SAN JOSE -- The loss was only their second in regulation and first on home ice, yet the Sharks have been doing a little soul-searching as they prepare for their five-game trip that begins Sunday night in Winnipeg.
That can happen when a team raises expectations, makes a convincing case that this season is indeed different -- and then lays a giant egg such as the 4-2 loss to the Vancouver Canucks that had coach Todd McLellan questioning his team's work ethic.
Not that the players weren't already aware of that problem.
"It's been happening on more occasions than we'd like, and that's not acceptable," Brad Stuart said. "When it gets to the point that the coach has to address it, as players that's on us. We've just got to fix it."
The phrase "work ethic" sounds vague and catchall, but McLellan breaks it down to a numbers game.
"What I mean by that is you have to outnumber your opposition all over the ice, whether it's in d-zone or the offensive zone," McLellan said. "If they've got three, you've got to find a way to get four there. If you're not working to get there, you never get numbers."
With two practices between Thursday night's loss and Saturday afternoon's flight to Winnipeg, McLellan focused on the work ethic Friday and then 24 hours later had his players watch video of their mistakes against Vancouver and address the on-ice details.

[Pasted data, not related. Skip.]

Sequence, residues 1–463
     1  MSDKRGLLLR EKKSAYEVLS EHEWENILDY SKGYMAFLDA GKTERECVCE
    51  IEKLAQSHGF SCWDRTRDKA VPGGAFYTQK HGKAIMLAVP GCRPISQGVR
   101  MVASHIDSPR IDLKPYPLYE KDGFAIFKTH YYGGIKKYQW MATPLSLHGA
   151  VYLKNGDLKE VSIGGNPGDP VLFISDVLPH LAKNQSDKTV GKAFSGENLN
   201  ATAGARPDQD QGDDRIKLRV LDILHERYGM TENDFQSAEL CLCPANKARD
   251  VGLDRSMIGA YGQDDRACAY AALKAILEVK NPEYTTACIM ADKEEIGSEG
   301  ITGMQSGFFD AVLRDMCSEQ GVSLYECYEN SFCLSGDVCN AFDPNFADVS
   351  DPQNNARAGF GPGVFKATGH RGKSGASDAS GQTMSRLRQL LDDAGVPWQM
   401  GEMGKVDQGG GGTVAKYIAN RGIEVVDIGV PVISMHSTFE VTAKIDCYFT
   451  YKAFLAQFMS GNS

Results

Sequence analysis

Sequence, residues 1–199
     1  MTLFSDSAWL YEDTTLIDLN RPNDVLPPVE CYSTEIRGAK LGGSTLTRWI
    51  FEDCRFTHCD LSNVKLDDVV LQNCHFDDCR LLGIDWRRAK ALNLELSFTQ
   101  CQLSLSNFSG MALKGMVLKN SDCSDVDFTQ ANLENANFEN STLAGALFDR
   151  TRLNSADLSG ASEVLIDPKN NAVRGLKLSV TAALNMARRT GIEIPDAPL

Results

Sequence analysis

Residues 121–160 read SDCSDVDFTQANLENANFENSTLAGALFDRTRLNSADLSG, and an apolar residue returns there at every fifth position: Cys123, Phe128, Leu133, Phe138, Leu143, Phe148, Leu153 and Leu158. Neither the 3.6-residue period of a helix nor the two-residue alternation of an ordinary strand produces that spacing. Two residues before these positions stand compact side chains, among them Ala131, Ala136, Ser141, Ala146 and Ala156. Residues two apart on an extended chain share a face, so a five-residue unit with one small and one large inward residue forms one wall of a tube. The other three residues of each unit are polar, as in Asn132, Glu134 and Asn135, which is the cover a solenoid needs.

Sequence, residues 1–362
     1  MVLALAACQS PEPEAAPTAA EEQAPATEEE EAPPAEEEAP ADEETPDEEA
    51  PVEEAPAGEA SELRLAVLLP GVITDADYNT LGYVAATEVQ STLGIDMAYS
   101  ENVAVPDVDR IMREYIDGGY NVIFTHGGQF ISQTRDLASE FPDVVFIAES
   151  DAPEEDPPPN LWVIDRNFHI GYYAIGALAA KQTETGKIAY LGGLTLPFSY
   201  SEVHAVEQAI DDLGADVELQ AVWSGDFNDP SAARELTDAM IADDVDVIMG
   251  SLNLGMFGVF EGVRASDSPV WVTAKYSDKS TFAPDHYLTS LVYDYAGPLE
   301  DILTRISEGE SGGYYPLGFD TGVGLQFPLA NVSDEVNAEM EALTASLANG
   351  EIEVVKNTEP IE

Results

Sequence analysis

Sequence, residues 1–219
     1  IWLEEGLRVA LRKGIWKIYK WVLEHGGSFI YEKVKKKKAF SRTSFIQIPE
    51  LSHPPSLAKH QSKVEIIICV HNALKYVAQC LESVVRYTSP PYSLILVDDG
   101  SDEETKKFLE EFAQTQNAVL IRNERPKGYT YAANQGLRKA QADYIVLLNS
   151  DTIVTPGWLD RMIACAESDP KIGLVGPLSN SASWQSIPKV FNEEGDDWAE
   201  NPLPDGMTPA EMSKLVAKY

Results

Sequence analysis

"That's the order it has to happen," the coach said. "It doesn't matter -- we can shuffle lines, we can give them direction -- but if you're outworked, the odds on success diminish immensely."
The Vancouver defeat was magnified by the fact the Sharks have now gone four games without a win and were 0-1-2 on a short homestand that included a shootout loss to a Buffalo Sabres team with the NHL's worst record.
San Jose's poor play goes beyond the turnovers by Tyler Kennedy and Jason Demers that gift-wrapped two Vancouver goals. Forty-eight, or 27 percent of the team's 175 giveaways this season, have come in the past two games.
Nobody talked as if the train had gone off the rails. But there was the recognition that much work needs to be done to return to the standard of play that earned the Sharks their 6-0 start.
"It's a commitment level," McLellan said, adding that human nature seeks the easy way to get things done, and that doesn't work in hockey. "So we have to keep reminding them and hounding them that the work ethic and work habits have to be there first, and then everything will take care of itself."
McLellan did not name names, but it was clear he was upset with his top players. Against Vancouver, the fourth line of Andrew Desjardins, James Sheppard and Mike Brown was San Jose's best -- reflecting well on them and poorly on everyone else.
The team could offer up the injury defense, that players such as Marty Havlat and Dan Boyle aren't at full speed, that the loss of Brent Burns is finally taking a toll.
But no one used that excuse.
"The guys that we brought in, we've won games with them," Patrick Marleau said. "Execution needs to be there. It doesn't matter who it is, you've got to get the puck in and get the puck out."
McLellan kept whatever lineup changes he might have in mind to himself. He did say that defenseman Matt Irwin, a healthy scratch the past three games, would play on the upcoming trip, though not necessarily in Winnipeg.
The nine-night trip continues with stops in Calgary, Vancouver, Edmonton and Chicago. And Stuart knows the important questions surround the future, not that Vancouver loss.
"It's over," Stuart said. "What are we going to do? How are we going to respond to it? That'll be the true test for us."
Sharks (10-2-4) at Winnipeg (7-9-2), 5 p.m. CSNCA